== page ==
India's proposed $7.5-billion investment in a US liquefied natural gas (LNG) project is a major boost to the long-term strategy of the government of Prime Minister Narendra Modi for a gas-based economy. The deal signed between Petronet LNG Limited (PLL) and Tellurian Petronet is for investment, including a $2.5 billion equity participation, in the Lousiana plant. The tie-up will prove a significant step in the government's efforts to diversify the LNG sources as the country tries to raise to 70 million metric tonnes per annum it imports by 2025 from its current 10 mmtpa, reports say.

The government is also planning to connect 10 million households to piped natural gas by 2020 as part of its drive to promote the use of cleaner fuels, a report on the Livemint website says. The deal is also a morale booster for US President Donald Trump, who made a joint appearance with Prime Minister Modi at the 'Howdy, Modi' event at Houston, Texas, after betting heavily on reviving the shale gas economy.

Energy CEOs roundtable in Houston
Prime Minister Narendra Modi addressed a roundtable with energy CEOs in Houston, Texas, where he also shared the podium with US President Donald Trump at the 'Howdy, Modi' event.twitter

Petronet's investment will amount to 18 percent equity in the $28 billion Driftwood LNG terminal, the largest outside holding so far in the project, and negotiate the purchase of 5 million tonnes of gas per annum, the report says. The remainder of the total will come from debt, the report quotes Tellurian chief executive officer (CEO) Meg Gentle as saying. The deal will be signed by the end of this 2019-20 financial year.

"We will sign the document sometime in the first quarter and we will have financing ready to close simultaneously, and then we will begin construction," the report quotes Gentle as saying. "India is one of the fastest-growing markets for LNG and should soon become the second-largest LNG importer," according to her.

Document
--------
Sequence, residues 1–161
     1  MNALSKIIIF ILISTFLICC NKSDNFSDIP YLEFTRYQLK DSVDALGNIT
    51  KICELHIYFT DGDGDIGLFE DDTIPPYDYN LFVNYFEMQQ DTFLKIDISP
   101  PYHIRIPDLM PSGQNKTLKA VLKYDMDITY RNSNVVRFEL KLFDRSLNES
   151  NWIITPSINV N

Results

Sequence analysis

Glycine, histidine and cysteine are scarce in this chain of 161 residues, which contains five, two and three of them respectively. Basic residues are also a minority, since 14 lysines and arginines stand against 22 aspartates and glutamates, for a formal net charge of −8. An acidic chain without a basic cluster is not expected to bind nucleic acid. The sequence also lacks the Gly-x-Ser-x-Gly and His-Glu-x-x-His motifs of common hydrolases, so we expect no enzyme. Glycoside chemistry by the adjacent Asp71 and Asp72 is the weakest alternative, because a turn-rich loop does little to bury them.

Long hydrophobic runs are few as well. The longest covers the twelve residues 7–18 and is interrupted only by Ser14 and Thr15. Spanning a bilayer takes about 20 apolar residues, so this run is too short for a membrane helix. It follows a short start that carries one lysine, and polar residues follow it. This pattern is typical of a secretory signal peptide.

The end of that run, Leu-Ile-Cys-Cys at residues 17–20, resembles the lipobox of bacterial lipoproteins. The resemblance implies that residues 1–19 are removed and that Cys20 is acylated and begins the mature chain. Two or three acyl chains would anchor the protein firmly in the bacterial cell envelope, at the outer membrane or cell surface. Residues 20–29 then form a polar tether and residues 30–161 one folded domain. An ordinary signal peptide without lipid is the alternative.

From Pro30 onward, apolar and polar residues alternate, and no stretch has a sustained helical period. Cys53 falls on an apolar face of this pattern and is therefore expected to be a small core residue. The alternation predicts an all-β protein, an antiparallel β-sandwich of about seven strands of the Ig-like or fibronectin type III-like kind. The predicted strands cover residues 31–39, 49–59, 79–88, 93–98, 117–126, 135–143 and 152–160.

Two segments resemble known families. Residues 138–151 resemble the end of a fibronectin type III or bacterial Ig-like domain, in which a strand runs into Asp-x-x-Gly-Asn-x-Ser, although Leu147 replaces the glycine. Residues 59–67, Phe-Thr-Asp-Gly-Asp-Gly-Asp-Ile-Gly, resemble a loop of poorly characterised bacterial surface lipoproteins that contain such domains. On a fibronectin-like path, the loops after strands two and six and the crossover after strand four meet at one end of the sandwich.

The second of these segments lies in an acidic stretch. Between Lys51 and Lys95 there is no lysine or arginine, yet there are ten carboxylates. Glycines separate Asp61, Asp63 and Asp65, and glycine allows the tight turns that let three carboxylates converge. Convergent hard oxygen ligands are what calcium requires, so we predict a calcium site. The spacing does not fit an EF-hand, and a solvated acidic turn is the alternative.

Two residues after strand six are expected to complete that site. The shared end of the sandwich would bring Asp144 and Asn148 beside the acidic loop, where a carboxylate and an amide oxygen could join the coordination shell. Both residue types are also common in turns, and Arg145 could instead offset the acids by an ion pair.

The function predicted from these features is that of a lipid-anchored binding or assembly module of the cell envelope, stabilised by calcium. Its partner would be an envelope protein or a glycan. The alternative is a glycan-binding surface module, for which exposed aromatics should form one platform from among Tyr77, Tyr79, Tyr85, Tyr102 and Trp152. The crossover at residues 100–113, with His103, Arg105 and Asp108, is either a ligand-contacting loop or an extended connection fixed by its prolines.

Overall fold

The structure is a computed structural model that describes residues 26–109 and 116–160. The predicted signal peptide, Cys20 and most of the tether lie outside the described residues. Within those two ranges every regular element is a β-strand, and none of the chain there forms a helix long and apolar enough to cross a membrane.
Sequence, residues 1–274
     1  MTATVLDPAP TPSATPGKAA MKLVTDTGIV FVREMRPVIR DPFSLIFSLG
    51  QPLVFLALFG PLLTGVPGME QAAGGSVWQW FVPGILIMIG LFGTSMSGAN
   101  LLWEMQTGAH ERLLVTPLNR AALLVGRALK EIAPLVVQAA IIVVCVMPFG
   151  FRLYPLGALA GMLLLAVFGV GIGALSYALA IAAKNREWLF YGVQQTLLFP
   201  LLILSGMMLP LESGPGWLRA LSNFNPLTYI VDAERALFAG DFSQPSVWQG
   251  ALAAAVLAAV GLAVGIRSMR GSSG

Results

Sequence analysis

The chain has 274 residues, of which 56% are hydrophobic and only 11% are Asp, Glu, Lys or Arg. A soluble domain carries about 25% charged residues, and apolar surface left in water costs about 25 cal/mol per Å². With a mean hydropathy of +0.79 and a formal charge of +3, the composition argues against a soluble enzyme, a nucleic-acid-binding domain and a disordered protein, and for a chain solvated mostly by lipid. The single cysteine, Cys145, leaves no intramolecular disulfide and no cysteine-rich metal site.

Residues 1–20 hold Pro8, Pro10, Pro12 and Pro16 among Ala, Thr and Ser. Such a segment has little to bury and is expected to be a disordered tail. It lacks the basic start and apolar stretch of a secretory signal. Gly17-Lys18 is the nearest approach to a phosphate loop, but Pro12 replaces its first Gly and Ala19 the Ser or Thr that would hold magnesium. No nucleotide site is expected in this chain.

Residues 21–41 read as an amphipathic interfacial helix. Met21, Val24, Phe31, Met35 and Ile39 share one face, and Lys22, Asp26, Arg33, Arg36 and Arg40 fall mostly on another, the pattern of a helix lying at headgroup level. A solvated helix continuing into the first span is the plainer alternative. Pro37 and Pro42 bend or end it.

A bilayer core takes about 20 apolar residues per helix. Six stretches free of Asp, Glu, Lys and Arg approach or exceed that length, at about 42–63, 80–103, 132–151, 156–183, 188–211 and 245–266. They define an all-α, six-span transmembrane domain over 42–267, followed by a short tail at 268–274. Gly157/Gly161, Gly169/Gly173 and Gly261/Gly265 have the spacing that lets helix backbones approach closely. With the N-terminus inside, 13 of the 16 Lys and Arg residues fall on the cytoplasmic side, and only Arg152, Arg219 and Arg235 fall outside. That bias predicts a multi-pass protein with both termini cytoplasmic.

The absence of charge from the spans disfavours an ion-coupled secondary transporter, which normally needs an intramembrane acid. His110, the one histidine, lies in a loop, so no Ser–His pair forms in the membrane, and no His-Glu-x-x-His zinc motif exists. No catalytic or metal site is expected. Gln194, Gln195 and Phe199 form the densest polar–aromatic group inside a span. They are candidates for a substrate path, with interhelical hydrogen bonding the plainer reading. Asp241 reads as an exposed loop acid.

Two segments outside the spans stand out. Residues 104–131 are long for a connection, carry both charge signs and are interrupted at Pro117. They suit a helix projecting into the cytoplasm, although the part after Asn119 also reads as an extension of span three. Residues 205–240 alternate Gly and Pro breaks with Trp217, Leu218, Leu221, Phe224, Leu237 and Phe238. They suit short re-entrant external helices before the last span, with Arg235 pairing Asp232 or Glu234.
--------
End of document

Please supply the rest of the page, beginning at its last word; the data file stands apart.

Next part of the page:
PM Modi in US
US LNG developer Tellurian Inc and India's Petronet LNG Limited signed a Memorandum of understanding (MOU).Twitter

The pact was signed on the sidelines of Prime Minister Modi's much-talked-about meeting with top executives of US energy majors in Houston. In the first engagement of his week-long visit to the US, Modi met 17 CEOs of US energy companies including Tellurian Inc, Exxonmobil, BP Plc, Cheniere Energy, Dominion Energy, and Total SA. Modi was accompanied by petroleum secretary M.M. Kutty, external affairs minister S. Jaishankar, foreign secretary Vijay Gokhale, and India's ambassador to the US Harsh Vardhan Shringla, the report says.

Indian companies already have invested $4 billion in US shale gas assets. "Petronet will invest $2.5 billion in Tellurian's proposed Driftwood LNG export terminal, in exchange for the rights to 5 million metric tonnes of LNG per year over 40 years," the external affairs ministry spokesperson told newspersons.

India, which until 2004 bought LNG only from the world's largest producer Qatar, has been rapidly diversifying procurement considering the difficult geopolitical situation in the Middle East. The diversification has been necessary because the US sanctions on Iran and President Trump's refusal to extend an exception to India has put Iranian gas beyond India's reach. India now imports LNG from Nigeria, Australia, Russia, the UAE, Norway, Indonesia, and Oman.

India is third on the list of the biggest emitters of greenhouse gases after the US and China and has been pushing to reduce carbon emissions by 33-35 percent from its 2005 levels by 2030. India is a signatory to the UN Framework Convention on Climate Change adopted by 195 countries in Paris in 2015.

Prime Minister Modi said in a tweet: "It is impossible to come to Houston and not talk energy! Had a wonderful interaction with leading energy sector CEOs. We discussed methods to harness opportunities in the energy sector. Also witnessed the signing of MoU between Tellurian and Petronet LNG."

The share of LNG at 6.2 percent in India's primary energy mix is far behind the global average of 24 percent. The government plan is to raise this to 15 percent by 2030 by driving up the use in the fertilizer industry, power generation, city gas distribution for domestic consumption through piped gas, and the steel sector.